Then there’s “Overnight,” the only narrative feature I saw for the Palm Beach Film Festival this year – and one that will be opening in a handful of theaters a week after its screening at the festival. This romantic comedy plays like an indie-film version of the commercial turkey “Valentine’s Day,” but it’s only marginally more watchable. Rachel Blanchard and Tom D’Arcy play two smart-looking but unlucky-in-love thirtysomethings who meet-cute before a red-eye flight they happen to be sharing from Los Angeles to New York. The plane is also populated by a multicultural panoply of passengers, who, like our precious central couple, will change their ways over the course of the flyover. There’s a pilot whose marriage is on the rocks, his Orthodox Christian copilot, a gangsta rapper trying to act humble for his girlfriend and a pair of chatty intellectuals of Middle Eastern descent who are unjustly profiled as terrorists. It’s like “Airplane!,” only without the wit. You’d think the movie was written by Hallmark, but that distinction goes to its director, Valerie Breiman, who is pretty good at handling actors, even when she has given them nothing to work with. The movie’s occasional nuggets of insight are ultimately trampled under steaming piles of contrived schmaltz, growing sappier and more ludicrous with every passing minute. This vanilla comedy has the right setting, at least: It’s exactly the kind of flick to start on an international flight, because you’ll have no problem turning it off for some shut-eye.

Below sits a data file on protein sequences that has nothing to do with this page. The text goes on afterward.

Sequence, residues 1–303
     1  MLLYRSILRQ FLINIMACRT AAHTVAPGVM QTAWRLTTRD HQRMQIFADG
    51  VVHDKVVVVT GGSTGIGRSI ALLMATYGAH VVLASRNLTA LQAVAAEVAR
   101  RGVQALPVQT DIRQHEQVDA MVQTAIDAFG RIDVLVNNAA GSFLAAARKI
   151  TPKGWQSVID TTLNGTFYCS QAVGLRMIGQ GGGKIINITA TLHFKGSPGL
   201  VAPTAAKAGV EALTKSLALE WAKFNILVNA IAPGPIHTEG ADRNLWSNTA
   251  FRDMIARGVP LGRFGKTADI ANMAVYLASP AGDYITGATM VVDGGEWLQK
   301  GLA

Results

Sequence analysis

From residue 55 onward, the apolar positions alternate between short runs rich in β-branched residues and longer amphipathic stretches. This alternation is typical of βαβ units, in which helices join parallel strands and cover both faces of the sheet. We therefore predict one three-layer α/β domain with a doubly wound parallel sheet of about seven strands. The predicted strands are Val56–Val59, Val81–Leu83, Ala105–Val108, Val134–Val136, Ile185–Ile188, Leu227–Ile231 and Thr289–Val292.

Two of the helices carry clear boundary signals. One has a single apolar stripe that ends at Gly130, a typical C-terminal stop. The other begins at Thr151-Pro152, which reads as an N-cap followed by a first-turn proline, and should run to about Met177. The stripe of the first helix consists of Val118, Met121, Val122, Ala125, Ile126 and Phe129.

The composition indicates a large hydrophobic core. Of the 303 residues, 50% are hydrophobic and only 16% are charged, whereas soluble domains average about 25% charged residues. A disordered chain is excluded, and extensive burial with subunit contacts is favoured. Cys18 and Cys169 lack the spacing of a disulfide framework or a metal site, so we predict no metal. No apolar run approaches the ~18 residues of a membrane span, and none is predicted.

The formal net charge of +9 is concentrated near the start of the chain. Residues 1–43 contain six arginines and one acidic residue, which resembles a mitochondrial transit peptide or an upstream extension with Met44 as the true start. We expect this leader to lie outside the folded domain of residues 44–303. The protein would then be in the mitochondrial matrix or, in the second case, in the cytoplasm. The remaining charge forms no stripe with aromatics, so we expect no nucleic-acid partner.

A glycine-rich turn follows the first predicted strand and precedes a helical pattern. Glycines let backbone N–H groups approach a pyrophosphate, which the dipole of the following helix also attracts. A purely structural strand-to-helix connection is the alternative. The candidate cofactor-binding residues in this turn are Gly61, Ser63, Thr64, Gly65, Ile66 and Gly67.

"Overnight" screens at 7 p.m. Sunday at Muvico Parisian at CityPlace in West Palm Beach.